(The Rivkins are the Directors of Chabad at Tulane University in New Orleans)
Here is what has been going on as of late.
On Sunday night, we managed to insert a rescue team into our area of New Orleans, so that we could get to all the people we know that are still stuck in there. A problem that they encounter is that people sometimes don't want to leave. They feel that they survived the storm and survived the flood, so they may as well stick it out. They don't understand the health hazards in the city right now. Many need to be visited time after time, by different rescuers, before they are convinced to depart.
Another problem is communication. Cell phones still can't receive calls in the area most of the time, so we have to wait until the team calls us, and we can get them information about the whereabouts of the people.
Here is a heart-wrenching story. We received a web request to rescue a woman who was in the area, with an 11 year old daughter. With the team facing curfew, we decided to prioritize that mission, because of the child involved. But when the team arrived, the woman refused to leave, because she was missing a three year old son, and was still hoping to find him...
These are the tragedies we are confronting in the aftermath of Katrina. One can weep endlessly, but there is lots of work to be done…
Update By Sarah Rivkin.
After hours spent in front of the computer, glued to the news, the updates, the pictures of our hometown, I am quite numbed by the cruel reality.
After days spent in friend’s homes, connected by phone calls and emails to our neighbors, friends, family, and concerned people, I am quite melted by their kindness and sensitivity.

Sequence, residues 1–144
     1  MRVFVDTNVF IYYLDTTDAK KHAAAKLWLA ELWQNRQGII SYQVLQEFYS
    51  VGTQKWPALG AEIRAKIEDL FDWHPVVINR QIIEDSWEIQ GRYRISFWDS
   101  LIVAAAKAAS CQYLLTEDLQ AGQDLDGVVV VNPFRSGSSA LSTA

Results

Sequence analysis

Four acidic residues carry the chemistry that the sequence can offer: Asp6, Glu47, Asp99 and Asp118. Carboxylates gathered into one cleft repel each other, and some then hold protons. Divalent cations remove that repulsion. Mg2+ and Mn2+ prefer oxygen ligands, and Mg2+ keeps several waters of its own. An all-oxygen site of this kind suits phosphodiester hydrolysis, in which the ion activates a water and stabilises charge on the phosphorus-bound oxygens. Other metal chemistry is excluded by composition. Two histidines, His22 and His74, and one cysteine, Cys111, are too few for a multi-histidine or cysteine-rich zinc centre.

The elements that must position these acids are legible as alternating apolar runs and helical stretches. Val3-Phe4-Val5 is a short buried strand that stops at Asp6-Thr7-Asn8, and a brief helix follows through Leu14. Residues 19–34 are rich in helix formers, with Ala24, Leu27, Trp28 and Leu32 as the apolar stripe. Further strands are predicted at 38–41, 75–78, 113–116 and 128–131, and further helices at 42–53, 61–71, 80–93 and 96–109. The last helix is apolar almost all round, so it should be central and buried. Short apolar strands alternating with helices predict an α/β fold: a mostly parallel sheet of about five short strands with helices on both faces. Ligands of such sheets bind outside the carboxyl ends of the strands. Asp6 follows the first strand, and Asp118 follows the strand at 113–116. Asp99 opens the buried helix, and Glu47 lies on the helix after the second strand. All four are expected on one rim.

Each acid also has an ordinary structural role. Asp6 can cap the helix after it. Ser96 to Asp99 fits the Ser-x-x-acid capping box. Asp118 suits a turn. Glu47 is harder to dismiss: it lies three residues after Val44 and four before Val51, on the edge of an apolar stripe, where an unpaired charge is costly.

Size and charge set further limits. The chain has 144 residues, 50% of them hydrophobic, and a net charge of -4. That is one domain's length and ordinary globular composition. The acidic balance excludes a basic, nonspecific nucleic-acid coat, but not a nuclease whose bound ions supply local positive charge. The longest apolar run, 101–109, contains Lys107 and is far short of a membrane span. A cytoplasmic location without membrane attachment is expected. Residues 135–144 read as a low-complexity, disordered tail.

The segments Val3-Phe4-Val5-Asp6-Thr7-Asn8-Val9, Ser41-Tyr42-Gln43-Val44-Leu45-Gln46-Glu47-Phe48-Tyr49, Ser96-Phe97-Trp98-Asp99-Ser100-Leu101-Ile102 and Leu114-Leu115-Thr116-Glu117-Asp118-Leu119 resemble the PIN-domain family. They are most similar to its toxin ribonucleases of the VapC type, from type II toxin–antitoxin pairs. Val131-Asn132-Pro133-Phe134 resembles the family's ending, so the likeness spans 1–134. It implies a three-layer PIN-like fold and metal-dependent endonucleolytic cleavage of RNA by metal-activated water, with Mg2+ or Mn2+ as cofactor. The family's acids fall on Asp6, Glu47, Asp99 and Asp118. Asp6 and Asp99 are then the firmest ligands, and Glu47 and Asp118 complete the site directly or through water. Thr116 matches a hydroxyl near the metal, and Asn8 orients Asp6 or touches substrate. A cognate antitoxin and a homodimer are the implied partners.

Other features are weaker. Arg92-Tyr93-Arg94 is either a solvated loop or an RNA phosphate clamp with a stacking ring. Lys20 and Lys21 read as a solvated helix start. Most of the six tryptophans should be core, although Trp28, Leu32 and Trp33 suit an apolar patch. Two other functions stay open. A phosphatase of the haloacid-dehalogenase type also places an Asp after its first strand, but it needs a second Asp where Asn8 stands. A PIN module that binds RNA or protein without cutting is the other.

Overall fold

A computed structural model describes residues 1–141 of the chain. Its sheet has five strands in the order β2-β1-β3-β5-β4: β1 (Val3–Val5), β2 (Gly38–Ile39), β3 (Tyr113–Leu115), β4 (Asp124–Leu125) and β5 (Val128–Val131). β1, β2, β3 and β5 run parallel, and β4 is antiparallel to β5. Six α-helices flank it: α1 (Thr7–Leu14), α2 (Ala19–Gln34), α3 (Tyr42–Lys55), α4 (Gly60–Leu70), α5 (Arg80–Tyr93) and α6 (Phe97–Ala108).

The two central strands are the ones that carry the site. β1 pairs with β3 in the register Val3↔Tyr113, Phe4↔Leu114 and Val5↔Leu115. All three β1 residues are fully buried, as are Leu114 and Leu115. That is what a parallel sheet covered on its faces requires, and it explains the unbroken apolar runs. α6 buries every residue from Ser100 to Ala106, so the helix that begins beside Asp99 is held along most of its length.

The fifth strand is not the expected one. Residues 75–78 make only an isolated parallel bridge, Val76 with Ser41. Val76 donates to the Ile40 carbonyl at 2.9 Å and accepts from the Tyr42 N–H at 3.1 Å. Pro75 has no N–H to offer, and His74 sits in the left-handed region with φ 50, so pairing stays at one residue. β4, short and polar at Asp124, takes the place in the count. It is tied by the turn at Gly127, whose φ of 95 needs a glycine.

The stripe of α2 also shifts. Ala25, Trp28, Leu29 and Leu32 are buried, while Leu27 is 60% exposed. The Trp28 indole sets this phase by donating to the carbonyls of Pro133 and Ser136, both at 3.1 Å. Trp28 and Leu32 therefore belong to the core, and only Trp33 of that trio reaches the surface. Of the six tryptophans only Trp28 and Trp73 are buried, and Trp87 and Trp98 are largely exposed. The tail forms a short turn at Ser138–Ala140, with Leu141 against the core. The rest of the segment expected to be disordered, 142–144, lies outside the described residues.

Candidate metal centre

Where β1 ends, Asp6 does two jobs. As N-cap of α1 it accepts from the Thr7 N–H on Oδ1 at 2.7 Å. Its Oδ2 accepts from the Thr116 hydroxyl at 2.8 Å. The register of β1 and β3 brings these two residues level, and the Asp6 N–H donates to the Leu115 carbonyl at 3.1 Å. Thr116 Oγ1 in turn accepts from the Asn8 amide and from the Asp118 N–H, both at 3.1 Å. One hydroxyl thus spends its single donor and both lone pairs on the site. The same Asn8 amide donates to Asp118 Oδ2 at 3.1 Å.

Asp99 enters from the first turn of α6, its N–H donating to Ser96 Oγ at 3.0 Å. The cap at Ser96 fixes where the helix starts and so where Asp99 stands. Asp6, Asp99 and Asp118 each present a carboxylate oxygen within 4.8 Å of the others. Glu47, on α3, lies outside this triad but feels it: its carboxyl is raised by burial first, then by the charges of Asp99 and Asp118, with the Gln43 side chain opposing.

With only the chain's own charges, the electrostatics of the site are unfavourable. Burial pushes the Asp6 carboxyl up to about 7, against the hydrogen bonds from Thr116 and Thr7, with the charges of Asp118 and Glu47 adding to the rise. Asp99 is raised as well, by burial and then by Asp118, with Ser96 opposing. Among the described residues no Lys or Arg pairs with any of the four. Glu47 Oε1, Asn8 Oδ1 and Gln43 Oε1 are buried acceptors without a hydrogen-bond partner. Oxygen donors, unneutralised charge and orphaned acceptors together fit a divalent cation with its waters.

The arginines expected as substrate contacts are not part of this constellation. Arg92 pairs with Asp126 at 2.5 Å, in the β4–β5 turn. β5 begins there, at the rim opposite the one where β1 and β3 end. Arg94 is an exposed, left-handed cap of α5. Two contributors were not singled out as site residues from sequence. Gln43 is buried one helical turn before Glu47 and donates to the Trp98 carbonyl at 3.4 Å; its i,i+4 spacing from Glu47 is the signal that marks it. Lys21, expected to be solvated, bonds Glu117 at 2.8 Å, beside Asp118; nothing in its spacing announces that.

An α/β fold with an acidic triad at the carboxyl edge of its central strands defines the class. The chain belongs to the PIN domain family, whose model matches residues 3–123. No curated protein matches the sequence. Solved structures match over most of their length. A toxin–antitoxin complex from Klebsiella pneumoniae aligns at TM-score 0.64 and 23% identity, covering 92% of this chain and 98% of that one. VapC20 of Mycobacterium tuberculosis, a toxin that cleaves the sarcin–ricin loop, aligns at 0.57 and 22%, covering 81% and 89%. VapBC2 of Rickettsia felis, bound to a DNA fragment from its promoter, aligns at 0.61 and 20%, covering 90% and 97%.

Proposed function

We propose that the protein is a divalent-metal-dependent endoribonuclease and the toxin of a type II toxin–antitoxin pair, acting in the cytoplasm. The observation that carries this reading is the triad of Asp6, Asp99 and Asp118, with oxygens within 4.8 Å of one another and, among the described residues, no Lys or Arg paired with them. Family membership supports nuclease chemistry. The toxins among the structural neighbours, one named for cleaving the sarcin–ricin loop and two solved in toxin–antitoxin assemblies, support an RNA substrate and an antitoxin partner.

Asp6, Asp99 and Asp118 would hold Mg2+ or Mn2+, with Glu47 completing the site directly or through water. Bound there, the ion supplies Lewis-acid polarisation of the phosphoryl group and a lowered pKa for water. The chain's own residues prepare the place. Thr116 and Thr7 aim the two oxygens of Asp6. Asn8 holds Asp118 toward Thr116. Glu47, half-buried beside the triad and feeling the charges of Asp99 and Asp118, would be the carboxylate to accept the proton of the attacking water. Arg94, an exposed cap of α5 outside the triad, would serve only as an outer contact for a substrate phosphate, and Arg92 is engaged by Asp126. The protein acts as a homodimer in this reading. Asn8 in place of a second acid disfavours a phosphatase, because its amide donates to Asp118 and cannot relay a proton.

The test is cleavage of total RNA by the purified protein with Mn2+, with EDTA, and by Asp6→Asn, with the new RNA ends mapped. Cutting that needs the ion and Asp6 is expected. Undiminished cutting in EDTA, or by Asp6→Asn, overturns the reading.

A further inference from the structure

I guess those more seasoned by life than I, will recognize that pattern. There is light in the dark; there is hope in the despair. There are so many things these days that can bring tears to my eyes. And most of them are familiar questions.
Why did this have to happen?
So many good things were happening in the city...
So many good people built lives in this city...
So many innocent people...
But I also have learned lessons in these past few days, that I hope will forever remain fresh in my mind. I have learned that while we spend many hours accumulating material possessions, and while we even let ourselves be defined by what we own, those are all layers. And that even when they all get stripped away, painful as that may be, we can still exist and continue on. Because it is what we do for others, what we create between people, that no flood can wash away.
I have also learned the power of generous spirits. The Goldmans, Chabad representatives in Gainesville Florida at the University of Florida, who opened their home and office, and put all their resources and attention at our disposal, probably do not even realize that they have provided me with an experience that will be life-altering. Now that I have seen first hand what it means to put ones self aside, to inconvenience oneself, and not even mind, because one has the other person’s welfare first in one's mind... there is such power in these actions and much hope for a world that can contain people like this.
The Oirechmans, Chabad representatives from Tallahassee, Florida, as well as the Lipskers, Chabad ambassadors at Emory in Atlanta, have also welcomed us into our homes with such generosity and friendship that I am having a hard time feeling sorry for myself. I know that communities all over have opened their homes, purses, freed their schedules, and put their daily life on hold to acknowledge and help in this time of crisis. I feel that every friend and family member who takes a moment to call or email is taking a moment out of their daily schedule to acknowledge us in our trying times and incredibly enough that gives me the strength and energy to look hopefully onto a bigger and better future.
This past Friday night we were supposed to kick off our Chabad student program at Tulane with a grand Mardi Gras Shabbat dinner – but my hands have been unexpectedly idle...
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